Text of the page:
Annual salary: £4m. Current position: 3rdAnnual salary: £4m. Current position: 3rd
Annual salary: £4m. Current position: 3rd | Getty Images

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Many have pointed to the Magpies’ newfound wealth as the main reason for their sudden advent, and to some extent that is certainly a contributing factor. Honestly though, there’s an argument to be made for it still not having a hugely drastic impact as yet. Pope, Burn, and maybe even Kieran Trippier represent a calibre of signing that Newcastle might well have made anyways, and while Bruno and Botman have undoubtedly changed things for the better, injuries have curtailed record acquisition Alexander Isak to just five Premier League outings thus far. Granted, he’s scored in three of them, but still.

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And so it is, with just four months of the campaign remaining, that Howe’s side find themselves properly challenging for Champions League qualification, and on the brink of a Wembley final in the Carabao Cup. But let me tell you something, dear reader, I don’t really care for it.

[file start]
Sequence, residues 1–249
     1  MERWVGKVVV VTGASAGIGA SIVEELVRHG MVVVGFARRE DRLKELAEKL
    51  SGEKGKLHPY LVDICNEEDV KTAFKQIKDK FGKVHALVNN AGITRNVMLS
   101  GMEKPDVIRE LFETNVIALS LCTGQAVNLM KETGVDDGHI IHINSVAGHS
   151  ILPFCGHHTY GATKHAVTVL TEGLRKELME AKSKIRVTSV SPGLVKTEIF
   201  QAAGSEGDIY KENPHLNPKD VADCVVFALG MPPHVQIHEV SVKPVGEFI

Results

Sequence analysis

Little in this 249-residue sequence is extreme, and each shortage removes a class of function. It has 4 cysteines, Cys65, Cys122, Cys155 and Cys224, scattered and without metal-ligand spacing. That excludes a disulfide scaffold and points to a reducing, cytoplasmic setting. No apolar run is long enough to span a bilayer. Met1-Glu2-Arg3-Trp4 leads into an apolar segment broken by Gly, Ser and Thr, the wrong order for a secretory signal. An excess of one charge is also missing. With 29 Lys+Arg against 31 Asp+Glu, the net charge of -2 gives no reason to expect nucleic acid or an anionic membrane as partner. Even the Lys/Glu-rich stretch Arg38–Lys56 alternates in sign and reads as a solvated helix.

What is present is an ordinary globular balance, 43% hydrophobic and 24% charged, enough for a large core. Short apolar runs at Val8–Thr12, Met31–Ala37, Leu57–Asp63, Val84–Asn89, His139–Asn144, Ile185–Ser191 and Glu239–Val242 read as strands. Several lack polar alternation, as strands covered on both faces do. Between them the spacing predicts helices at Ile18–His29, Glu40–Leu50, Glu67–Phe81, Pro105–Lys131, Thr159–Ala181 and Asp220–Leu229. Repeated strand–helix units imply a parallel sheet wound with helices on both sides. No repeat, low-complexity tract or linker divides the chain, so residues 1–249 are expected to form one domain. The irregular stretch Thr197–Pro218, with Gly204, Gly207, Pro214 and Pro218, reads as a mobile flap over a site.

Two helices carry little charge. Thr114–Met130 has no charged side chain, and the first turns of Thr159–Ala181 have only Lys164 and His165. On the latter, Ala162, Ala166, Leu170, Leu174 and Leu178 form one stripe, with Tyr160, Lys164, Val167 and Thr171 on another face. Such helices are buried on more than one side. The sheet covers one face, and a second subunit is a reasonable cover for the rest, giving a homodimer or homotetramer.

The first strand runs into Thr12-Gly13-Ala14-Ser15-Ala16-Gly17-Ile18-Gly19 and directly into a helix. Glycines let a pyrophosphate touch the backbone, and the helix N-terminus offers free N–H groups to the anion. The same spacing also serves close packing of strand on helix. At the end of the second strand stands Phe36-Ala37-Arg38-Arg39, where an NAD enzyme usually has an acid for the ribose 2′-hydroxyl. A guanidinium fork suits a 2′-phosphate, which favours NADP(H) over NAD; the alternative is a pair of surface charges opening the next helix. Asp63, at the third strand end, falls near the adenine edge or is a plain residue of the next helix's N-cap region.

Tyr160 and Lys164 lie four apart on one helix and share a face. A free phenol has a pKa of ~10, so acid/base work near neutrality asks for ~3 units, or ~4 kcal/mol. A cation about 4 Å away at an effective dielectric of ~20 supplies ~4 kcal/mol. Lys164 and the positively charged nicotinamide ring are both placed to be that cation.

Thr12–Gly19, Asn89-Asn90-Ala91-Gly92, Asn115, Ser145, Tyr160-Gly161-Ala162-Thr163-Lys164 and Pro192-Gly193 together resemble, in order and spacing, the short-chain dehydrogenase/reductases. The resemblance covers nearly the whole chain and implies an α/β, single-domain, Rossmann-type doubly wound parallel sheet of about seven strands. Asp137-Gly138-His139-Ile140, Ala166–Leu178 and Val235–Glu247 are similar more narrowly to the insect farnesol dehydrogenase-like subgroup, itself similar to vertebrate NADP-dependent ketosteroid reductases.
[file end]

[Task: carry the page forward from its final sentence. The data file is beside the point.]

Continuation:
At this point, allow me to make a quick confession; I am a Sunderland fan - a cruel cosmic penance handed down to me on both sides of the family, presumably in retaliation for some unspeakable atrocity committed in a past life. I also happen to live in Gateshead on the banks of the Tyne, which, although very much its own separate entity from Newcastle, is still irrefutably Geordie turf. In the winter months, when the leaves have fallen from the trees just beyond my garden, I can see St. James’ Park from the back window. In fact, I’m looking at it right now. I should also point out that I’m not a particularly biased or resentful supporter. For one thing, endulging any kind of pettiness would make me pretty lousy at my job. For another, I have no vested interest towards frothing in apoplexy every time Newcastle win a match, which at the moment is a near-weekly occurrence. Football is, after all, just a game.